for relative plot vectors and just relatively plot deltalist[pidigitvalue] and update the display
    so you can see it develop. It was kind of interesting. For bases under 4 you have to decide what
    to do with the "first" digit ;-)

    Regards,
    Bengt Richter
    Bengt Richter, Apr 13, 2005
    #14
  15. Dick Moores

    Guest

    Dan Bishop wrote:
    > Dick Moores wrote:
    > > I need to figure out how to compute pi to base 12, to as many

    digits
    > as
    > > possible. I found this reference,

    > <http://mathworld.wolfram.com/Base.html>,
    > > but I really don't understand it well enough.

    >
    > How many stars are in "*************************"?
    >
    > You probably answered "25". This means that, for convenience, you've
    > broken down the row of stars into ********** + ********** + *****,

    that
    > is, 2 tens with 5 left over, which the base-10 numeral system denotes
    > as "25".
    >
    > But there's no reason other than tradition why you should arrange

    them
    > into groups of 10. For example, you could write it as ******** +
    > ******** + ******** + *, or 3 eights plus 1. In octal (base-8)
    > notation, this is written as "31"; the "tens" place in octal

    represents
    > eights.
    >
    > In general, in the base-r numeral system, the nth digit to the left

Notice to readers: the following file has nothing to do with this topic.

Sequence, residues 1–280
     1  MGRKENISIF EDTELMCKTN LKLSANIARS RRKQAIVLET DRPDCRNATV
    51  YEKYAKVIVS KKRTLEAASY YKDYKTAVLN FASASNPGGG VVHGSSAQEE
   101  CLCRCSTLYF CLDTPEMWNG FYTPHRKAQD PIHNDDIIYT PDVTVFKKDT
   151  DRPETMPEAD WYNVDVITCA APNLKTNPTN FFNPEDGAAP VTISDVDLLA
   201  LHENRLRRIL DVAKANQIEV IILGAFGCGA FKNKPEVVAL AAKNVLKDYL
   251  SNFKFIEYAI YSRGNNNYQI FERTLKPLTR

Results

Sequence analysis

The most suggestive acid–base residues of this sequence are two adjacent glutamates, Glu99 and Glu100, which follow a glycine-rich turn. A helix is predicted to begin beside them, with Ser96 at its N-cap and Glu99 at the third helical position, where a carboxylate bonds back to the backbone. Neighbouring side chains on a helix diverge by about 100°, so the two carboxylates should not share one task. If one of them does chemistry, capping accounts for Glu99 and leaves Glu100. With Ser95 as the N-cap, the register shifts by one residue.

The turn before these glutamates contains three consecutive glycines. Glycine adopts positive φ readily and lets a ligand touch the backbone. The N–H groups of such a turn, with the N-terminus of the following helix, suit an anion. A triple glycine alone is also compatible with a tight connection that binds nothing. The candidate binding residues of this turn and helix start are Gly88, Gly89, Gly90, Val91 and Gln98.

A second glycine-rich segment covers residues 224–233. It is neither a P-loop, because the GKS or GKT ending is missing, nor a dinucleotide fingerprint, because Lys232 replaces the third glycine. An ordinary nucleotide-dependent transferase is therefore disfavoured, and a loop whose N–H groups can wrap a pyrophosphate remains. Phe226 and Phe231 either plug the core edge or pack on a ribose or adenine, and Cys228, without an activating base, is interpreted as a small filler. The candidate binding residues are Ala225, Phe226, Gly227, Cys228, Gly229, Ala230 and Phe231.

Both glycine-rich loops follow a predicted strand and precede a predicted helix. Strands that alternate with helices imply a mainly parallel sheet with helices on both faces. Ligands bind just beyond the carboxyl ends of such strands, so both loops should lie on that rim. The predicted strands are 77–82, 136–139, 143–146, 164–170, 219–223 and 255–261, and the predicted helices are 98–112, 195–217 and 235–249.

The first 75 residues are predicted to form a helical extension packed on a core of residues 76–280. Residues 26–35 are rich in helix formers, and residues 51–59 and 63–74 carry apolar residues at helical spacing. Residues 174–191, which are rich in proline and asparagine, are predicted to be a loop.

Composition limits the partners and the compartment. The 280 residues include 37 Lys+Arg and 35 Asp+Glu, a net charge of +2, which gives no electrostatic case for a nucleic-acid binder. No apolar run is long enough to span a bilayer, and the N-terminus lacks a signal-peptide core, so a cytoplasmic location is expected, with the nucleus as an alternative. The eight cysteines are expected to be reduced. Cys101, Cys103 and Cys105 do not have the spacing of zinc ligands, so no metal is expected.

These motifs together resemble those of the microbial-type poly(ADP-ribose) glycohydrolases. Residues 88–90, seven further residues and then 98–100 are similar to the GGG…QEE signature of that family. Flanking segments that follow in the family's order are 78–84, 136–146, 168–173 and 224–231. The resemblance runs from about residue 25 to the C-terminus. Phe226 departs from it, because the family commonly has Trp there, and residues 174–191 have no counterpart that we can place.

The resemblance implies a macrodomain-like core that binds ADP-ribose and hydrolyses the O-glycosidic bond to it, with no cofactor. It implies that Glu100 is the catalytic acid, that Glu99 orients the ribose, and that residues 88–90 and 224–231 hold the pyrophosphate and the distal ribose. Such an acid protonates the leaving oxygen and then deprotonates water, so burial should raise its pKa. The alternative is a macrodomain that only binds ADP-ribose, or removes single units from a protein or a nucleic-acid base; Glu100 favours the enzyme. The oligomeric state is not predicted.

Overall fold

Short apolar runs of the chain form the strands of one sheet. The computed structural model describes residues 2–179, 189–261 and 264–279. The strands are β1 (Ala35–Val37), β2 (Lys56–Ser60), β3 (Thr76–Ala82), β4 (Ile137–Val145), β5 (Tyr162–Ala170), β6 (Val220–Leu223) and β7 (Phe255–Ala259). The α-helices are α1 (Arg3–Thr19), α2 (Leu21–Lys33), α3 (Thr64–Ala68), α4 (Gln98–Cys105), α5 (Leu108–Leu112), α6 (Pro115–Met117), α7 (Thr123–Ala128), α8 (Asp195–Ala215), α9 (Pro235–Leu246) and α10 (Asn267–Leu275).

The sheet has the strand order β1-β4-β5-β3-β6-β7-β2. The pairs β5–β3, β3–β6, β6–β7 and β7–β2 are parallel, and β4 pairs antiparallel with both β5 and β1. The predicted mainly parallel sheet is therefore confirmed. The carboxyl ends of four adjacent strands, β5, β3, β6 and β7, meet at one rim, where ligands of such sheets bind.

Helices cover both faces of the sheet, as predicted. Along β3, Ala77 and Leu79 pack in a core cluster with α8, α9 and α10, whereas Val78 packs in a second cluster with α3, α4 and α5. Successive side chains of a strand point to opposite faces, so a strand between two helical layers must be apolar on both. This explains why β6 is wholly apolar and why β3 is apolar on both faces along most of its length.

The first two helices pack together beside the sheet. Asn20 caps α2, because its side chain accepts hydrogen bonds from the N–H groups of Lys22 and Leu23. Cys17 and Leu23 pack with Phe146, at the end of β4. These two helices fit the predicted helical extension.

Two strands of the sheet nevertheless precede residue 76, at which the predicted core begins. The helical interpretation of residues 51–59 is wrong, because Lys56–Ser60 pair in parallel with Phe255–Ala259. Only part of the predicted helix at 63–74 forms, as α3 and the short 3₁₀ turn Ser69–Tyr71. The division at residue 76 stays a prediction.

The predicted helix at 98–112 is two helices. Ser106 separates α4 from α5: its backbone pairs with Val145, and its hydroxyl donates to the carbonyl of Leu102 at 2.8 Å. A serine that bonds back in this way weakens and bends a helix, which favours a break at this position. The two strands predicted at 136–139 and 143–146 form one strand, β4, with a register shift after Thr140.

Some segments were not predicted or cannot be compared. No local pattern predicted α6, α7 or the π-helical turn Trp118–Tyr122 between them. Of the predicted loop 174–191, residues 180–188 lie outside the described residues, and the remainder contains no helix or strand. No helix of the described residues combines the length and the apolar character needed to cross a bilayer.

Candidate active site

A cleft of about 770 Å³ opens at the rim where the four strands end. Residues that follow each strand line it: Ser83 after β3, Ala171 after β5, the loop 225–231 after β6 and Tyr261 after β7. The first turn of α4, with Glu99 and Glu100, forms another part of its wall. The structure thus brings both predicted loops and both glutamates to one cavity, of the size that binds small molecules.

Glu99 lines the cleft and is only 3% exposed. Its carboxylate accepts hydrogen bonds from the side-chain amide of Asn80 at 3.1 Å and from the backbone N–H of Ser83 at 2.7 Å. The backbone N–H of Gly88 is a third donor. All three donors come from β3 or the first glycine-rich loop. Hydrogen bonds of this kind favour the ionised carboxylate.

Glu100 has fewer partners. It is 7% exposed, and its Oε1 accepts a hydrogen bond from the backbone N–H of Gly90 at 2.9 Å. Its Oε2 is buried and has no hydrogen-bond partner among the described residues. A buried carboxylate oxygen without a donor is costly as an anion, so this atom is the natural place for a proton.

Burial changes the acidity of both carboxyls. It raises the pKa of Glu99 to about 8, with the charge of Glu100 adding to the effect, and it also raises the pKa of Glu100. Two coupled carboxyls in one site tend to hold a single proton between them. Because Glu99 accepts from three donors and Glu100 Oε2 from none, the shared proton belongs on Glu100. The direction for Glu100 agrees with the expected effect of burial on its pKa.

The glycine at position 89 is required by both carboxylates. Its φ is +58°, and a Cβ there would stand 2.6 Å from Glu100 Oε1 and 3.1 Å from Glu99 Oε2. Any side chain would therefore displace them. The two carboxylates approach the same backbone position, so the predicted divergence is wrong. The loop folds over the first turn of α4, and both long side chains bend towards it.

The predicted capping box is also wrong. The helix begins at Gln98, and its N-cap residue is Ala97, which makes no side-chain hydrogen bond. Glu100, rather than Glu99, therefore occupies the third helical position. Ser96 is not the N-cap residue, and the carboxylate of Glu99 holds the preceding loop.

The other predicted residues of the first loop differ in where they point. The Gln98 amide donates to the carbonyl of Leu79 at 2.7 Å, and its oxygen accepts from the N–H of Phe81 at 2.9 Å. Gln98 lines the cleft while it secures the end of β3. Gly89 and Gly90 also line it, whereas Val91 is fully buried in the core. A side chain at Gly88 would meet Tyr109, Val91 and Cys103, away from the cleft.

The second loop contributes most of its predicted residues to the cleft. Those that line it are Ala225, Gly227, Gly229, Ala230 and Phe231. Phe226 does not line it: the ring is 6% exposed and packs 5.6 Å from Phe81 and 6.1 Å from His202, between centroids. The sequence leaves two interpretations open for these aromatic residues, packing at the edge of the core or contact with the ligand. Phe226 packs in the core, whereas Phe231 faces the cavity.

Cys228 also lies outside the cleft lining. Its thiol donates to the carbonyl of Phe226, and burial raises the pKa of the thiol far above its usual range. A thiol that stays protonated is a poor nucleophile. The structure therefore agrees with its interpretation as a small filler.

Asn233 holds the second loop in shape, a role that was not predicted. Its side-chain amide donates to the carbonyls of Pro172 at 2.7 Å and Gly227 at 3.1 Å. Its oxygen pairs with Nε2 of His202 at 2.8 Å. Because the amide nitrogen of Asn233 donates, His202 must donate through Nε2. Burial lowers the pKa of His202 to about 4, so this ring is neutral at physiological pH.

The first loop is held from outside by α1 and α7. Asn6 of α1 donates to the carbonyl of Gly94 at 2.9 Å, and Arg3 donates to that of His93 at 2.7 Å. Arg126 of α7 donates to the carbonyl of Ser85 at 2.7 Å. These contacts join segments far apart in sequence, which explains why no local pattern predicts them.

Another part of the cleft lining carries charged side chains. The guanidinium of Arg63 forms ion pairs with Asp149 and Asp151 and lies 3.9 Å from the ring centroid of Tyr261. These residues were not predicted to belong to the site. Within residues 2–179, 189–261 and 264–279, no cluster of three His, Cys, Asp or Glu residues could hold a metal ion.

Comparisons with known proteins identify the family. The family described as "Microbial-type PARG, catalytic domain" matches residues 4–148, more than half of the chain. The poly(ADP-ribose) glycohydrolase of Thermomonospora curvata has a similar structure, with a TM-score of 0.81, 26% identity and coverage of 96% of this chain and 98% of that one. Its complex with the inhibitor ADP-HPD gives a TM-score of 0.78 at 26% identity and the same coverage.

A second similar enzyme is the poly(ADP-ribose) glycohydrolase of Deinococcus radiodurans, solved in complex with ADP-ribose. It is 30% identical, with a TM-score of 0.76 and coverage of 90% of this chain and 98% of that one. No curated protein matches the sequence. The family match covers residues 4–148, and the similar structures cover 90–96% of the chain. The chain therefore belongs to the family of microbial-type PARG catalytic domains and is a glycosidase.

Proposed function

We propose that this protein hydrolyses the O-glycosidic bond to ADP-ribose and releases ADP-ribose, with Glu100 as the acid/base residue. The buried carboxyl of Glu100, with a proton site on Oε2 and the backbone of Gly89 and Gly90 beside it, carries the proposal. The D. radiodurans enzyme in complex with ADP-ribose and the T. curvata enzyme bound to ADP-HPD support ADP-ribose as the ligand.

of
    > the ones digit represents r^n. For example, in the binary number
    > 11001, the place values for each digit are, right to left, 1, 2, 4,

    8,
    > and 16, so the number as a whole represents
    > 1×16+1×8+0×4+0×2+1×1=16+8+1=25. This analogous to 25=2×10+5 in
    > base-10.
    >
    > It's also possible to write it as 3×8+0×4+0×2+1×1 = 3001 base 2,
    > but by convention, base-r only uses the digits in range(r). This
    > ensures a unique represenation for each number. This makes "11001"

    the
    > unique binary representation for decimal 25.
    >
    > Note that for bases larger than 10, the digits will be numbers that

    are
    > not single digits in base 10. By convention, letters are used for
    > larger digits: A=10, B=11, C=12, ... Z=35. For example, the number
    > (dec) 2005 = 1×12³+1×12²+11×12+1×1 is represented in base-12 by
    > "11B1".
    >
    > Fractions are handled in a similar manner. The nth place to the

    right
    > of the radix point (i.e., the "decimal point", but that term is
    > inaccurate for bases other than ten) represents the value

    radix**(-n).
    >
    > For example, in binary,
    > 0.1 = 1/2 = dec. 0.5
    > 0.01 = 1/4 = dec. 0.25
    > 0.11 = 1/2 + 1/4 = 3/4 = dec. 0.75
    > 0.001 = 1/8 = dec. 0.125
    > 0.01010101... = 1/4 + 1/16 + 1/64 + ... = 1/3
    > 0.0001100110011... = 1/10 = dec. 0.1
    >
    > The last row explains why Python gives:
    >
    > >>> 0.1

    > 0.10000000000000001
    >
    > Most computers store floating-point numbers in binary, which doesn't
    > have a finite representation for one-tenth. The above result is
    > rounded to 53 signficant bits
    > (1.100110011001100110011001100110011001100110011010×2^-4), which is
    > exactly equivalent to decimal
    > 0.1000000000000000055511151231257827021181583404541015625, but gets
    > rounded to 17 significant digits for display.
    >